If the Buddha did not speak of this, who would have recognized or even imagined these things? If we had never heard what the Buddha had said, how could we know about these situations? If we had not read the Buddha's sutras, how would we know and be aware of these truths? If you've never read a Sutra spoken by the Buddha, then how could you learn about these matters?
If we continue our hankering for love and pleasure, being greedy for love and sex and other such pursuits of illusory pleasure, then we will forever remain stupid and confused. You will always be confused and will never wake up.
It is only to be feared that one mistake has led to another for ten thousand kalpas, through thousands of lives: You make one mistake after another, all the while being attached to this illusory human life. A human body is hard to obtain and easy to lose: it is not easy to acquire this human body and once you lose it, it is difficult to get it back. Good times soon pass and cannot be brought back. Pleasant times pass quickly. Youth is an example. When the time has passed, it is impossible to get it back. The road is dark and gloomy: the path of the future is dark. And separations last a long time. I must endure evil retribution in the Three Paths by myself: in the three evil destinies of the hells, the hungry ghosts, and the animals, you yourself must answer for what you've done. The pain is unspeakable; it is unbearable to the extreme. Who would stand in for me? No one can go to the hells or become a hungry ghost or an animal on your behalf.
Even discussing this subject chills my heart. Even writing this essay chills my heart. We, therefore, must halt the flow of birth and death. We must make a deep commitment to quickly cultivate the Way, resolve the mind on Bodhi, and halt the flow of desire and of birth and death. Get out of the ocean of love and desire: get out of the emotional love and desire. Save ourselves and save others: you should save yourselves and others so as to leave sufferings and attain bliss and reach the other shore together. Together we should reach the other shore of non-production and non-extinction. Of all things throughout distant kalpas past, this is the most extraordinary achievement, yet one only needs to begin: for beginningless eons until the present, this is the greatest of meritorious works, and yet it lies within a single move. This is the sixth cause and condition for resolving the mind upon Bodhi: being mindful of the suffering of birth and death.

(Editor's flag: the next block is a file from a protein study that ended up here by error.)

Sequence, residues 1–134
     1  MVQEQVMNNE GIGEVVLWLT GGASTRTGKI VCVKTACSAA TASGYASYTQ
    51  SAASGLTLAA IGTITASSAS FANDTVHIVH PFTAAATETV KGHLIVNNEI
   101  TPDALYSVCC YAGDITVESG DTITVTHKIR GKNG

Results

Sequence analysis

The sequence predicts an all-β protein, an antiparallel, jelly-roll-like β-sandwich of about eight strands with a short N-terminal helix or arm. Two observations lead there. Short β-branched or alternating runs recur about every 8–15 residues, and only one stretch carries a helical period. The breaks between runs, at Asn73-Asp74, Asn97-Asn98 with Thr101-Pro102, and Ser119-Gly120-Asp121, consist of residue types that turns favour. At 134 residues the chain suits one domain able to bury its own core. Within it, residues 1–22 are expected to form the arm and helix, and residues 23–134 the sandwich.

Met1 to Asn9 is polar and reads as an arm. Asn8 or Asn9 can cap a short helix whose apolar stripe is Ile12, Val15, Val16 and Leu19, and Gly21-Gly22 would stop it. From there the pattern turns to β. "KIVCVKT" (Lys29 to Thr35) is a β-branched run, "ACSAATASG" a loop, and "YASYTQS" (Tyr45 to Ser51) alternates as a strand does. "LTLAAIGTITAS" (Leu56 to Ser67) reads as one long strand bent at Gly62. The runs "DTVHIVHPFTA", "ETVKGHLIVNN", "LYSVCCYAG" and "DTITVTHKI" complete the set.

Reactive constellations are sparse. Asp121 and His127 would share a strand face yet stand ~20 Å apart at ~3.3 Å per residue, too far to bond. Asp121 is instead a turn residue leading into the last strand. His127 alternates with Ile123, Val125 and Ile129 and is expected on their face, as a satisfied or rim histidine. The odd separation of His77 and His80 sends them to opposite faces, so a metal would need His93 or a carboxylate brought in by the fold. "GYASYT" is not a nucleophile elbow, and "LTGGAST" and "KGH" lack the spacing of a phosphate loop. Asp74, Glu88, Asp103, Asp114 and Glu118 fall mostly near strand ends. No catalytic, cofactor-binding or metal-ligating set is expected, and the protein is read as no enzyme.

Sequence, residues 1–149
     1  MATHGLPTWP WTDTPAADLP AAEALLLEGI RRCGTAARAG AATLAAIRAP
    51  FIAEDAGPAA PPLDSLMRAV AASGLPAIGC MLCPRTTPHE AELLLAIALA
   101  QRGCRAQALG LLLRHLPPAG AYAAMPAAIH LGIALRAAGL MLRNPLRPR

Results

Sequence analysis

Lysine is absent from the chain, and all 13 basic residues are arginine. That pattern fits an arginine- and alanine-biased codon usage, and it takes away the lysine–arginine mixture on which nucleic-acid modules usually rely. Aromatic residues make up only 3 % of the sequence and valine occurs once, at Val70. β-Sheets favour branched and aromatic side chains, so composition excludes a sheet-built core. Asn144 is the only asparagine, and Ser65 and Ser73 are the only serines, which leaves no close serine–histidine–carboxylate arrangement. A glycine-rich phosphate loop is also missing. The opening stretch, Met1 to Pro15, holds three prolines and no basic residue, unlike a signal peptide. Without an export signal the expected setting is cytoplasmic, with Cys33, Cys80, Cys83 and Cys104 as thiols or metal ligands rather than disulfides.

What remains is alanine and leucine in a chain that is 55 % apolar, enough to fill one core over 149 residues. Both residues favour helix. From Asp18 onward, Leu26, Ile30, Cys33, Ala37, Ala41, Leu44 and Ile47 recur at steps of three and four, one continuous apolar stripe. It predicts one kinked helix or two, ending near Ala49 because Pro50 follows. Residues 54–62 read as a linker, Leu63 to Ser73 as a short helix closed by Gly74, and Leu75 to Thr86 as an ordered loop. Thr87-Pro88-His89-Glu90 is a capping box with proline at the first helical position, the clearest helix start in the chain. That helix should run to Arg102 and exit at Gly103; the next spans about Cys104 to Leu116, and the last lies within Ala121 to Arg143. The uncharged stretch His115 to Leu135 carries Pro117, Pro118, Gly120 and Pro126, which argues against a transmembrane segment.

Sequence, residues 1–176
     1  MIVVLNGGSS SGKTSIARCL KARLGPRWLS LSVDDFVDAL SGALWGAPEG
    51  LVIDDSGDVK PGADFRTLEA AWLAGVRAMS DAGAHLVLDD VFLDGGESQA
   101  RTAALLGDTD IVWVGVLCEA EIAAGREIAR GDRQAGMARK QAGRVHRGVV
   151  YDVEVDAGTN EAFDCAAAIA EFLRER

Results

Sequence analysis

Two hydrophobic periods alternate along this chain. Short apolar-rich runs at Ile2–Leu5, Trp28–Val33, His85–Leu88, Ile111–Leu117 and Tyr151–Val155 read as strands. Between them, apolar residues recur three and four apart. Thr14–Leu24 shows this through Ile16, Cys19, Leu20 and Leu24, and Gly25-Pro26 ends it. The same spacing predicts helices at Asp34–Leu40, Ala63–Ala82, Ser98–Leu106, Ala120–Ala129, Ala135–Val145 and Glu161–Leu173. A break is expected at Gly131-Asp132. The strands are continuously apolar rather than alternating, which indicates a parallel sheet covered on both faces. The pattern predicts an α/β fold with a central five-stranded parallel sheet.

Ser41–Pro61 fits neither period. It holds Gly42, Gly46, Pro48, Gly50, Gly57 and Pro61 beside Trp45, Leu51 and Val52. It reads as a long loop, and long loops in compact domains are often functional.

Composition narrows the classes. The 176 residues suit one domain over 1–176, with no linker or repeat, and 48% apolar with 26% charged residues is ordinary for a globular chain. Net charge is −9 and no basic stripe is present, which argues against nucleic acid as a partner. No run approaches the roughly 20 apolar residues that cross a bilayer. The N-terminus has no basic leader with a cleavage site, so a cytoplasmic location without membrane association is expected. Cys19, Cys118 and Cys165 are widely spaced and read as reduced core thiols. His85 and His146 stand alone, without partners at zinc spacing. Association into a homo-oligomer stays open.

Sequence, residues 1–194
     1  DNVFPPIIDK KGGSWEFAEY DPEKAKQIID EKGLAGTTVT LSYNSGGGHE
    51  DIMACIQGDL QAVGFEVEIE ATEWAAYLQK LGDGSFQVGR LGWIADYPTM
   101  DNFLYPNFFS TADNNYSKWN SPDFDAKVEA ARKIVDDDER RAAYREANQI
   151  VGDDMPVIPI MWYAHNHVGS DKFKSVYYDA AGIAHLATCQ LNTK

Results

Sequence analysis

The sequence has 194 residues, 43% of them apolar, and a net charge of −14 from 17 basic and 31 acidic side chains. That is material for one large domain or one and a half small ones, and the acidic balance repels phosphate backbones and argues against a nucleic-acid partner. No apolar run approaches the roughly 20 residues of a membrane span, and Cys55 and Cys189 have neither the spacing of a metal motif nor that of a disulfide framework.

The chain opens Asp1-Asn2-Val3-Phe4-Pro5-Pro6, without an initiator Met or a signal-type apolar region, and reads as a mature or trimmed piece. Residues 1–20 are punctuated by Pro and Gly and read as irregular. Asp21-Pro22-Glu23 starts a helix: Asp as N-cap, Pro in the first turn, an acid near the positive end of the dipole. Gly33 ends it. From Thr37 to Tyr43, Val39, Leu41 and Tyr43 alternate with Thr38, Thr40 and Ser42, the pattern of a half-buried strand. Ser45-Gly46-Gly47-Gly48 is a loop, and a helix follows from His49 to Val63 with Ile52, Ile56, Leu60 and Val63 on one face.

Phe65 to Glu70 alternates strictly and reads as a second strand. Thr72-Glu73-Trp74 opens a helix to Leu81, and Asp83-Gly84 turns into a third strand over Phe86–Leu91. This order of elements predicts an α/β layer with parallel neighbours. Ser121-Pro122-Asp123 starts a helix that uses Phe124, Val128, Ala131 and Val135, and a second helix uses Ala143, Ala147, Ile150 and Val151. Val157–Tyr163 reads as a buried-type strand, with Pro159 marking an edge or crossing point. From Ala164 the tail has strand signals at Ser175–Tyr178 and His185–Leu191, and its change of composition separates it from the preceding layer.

What is reverence for our own spiritual nature? It is that right now, in a single thought, I can directly be one with Shakyamuni Thus Come One, without any difference at all. Why is it, then, that the World Honored One realized proper enlightenment an infinite number of eons ago, yet we are still muddled, confused, and upside down, still only ordinary people? The Buddha, the World Honored One, has also perfected infinite spiritual penetrations and wisdom and the adornments of merit and virtue, while we have only an immeasurable amount of karmic ties and afflictions and are bound to birth and death. Our minds and natures and his are one, but our confusion and his enlightenment are as far apart as the sky and the abysmal deeps. If we calmly contemplate this matter, how could we not be ashamed? It is as if we had dropped a priceless pearl into a mud puddle, considering it as worthless as a broken tile, neither cherishing nor esteeming it. We should therefore use an infinite number of wholesome Dharmas as an antidote to our afflictions. By cultivating virtue, we gain merit, and the virtue of our nature can then appear. Thus we wash the pearl and set it up high, where it now releases a penetrating radiance that outshines everything. Then we can say that we have not been ungrateful to the Buddha's teaching and have not failed our own spiritual nature. This is the seventh cause and condition for resolving the mind upon Bodhi.
The seventh is reverence for our own spiritual nature, which is the Buddha's nature. The Buddha's nature is also our spiritual nature, because the Buddha and the living beings are the same. Why is it that the Buddha has such great wisdom? Why is it that we are still sostupid? The Buddha has accrued merit from cultivating virtue, and itallows the virtue of his nature to appear. When you have accomplished virtuous conduct through cultivation, the wisdom of your inherentnature will manifest. If you don't reform and polish your originalnature, then it won't manifest itself. Consider the analogy of a table.When a tree has grown to maturity, it can be cut down and sawedinto wooden boards, which can be used to make a table, a usefulpiece of furniture. However, you can't say that the tree is a table; youcan only say that the tree can be used to make different kinds ofhousehold utensils and useful equipment. If you don't know how touse it, you can only use it as firewood; but if you know carpentry,you can build different kinds of furniture or any other types of thingsthat you wish.
To be continued